RSS is one of a new breed of technologies that is contributing to the ever-expanding dominance of the Web as the pre-eminent, global information medium. It is intimately connected withthough not bound tosocial environments such as blogs and wikis, annotation tools such as del.icio.us, Flickr and Furl, and more recent hybrid utilities such as JotSpot, which are reshaping and redefining our view of the Web that has been built up and sustained over the last 10 years and more [n1]. Indeed, Tim Berners-Lee’s original conception of the Web was much more of a shared collaboratory than the flat, read-only kaleidoscope that has subsequently emerged: a consumer wonderland, rather than a common cooperative workspace. Where did it all go wrong?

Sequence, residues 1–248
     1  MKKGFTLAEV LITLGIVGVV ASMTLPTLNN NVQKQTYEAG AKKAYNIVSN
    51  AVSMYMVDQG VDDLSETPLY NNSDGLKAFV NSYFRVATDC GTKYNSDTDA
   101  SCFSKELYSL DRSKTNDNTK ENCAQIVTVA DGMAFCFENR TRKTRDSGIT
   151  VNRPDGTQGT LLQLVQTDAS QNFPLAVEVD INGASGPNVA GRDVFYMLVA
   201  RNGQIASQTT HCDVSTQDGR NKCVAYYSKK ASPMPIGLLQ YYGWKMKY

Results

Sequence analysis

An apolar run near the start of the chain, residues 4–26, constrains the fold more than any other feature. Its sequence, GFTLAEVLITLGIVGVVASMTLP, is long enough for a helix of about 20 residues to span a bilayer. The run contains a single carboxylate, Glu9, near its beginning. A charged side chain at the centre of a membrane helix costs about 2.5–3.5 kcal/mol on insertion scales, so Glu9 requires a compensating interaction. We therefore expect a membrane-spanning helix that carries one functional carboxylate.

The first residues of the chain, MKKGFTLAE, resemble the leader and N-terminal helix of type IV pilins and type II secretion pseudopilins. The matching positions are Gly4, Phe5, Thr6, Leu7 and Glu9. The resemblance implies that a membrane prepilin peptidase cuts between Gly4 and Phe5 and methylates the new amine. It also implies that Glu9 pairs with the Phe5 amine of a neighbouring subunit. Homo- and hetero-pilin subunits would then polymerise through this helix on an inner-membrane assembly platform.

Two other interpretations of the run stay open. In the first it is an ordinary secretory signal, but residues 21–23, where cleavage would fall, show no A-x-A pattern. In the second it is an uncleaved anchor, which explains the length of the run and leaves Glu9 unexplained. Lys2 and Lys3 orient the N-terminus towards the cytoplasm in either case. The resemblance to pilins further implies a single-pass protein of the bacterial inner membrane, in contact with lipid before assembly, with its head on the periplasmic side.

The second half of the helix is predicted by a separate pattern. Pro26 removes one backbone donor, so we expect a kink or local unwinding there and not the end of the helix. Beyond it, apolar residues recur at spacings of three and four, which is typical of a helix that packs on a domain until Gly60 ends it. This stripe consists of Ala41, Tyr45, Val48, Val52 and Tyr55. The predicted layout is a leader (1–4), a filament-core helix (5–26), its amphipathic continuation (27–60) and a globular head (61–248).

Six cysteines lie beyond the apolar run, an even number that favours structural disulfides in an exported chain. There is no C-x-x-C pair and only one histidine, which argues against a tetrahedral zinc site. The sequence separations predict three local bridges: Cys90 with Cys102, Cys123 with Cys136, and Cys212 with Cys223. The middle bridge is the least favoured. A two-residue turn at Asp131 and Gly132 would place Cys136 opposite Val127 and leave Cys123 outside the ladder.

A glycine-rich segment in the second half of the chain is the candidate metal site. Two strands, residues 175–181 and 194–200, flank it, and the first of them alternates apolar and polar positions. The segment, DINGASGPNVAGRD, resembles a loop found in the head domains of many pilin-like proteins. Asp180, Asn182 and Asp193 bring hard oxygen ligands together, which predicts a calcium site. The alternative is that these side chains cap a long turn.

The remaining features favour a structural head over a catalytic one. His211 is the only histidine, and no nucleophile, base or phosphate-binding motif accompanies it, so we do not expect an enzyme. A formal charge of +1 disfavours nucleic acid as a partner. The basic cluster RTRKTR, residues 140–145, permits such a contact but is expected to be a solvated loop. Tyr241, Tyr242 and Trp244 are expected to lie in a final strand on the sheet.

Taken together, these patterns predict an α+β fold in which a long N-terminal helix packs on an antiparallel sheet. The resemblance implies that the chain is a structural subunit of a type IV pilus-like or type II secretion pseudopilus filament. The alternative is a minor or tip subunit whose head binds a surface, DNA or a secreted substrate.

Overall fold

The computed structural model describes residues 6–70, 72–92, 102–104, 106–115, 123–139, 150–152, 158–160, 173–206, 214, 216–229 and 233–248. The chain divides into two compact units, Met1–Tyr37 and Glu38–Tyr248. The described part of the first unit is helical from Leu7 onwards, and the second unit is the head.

These new ‘disruptive’ technologies [n2] are now beginning to challenge the orthodoxy of the traditional website and its primacy in users’ minds. The bastion of online publishing is under threat as never before. RSS is the very antithesis of the website. It is not a ‘home page’ for visitors to call at, but rather it provides a synopsis, or snapshot, of the current state of a website with simple titles and links. While titles and links are the joints that articulate an RSS feed, they can be freely embellished with textual descriptions and richer metadata annotations. Thus said, RSS usually functions as a signal of change on a distant website, but it can more generally be interpreted as a kind of network connectoror glue technologybetween disparate applications. Syndication and annotation are the order of the day and are beginning to herald a new immediacy in communications and information provision. This paper describes the growing uptake of RSS within science publishing as seen from Nature Publishing Group’s (NPG) perspective.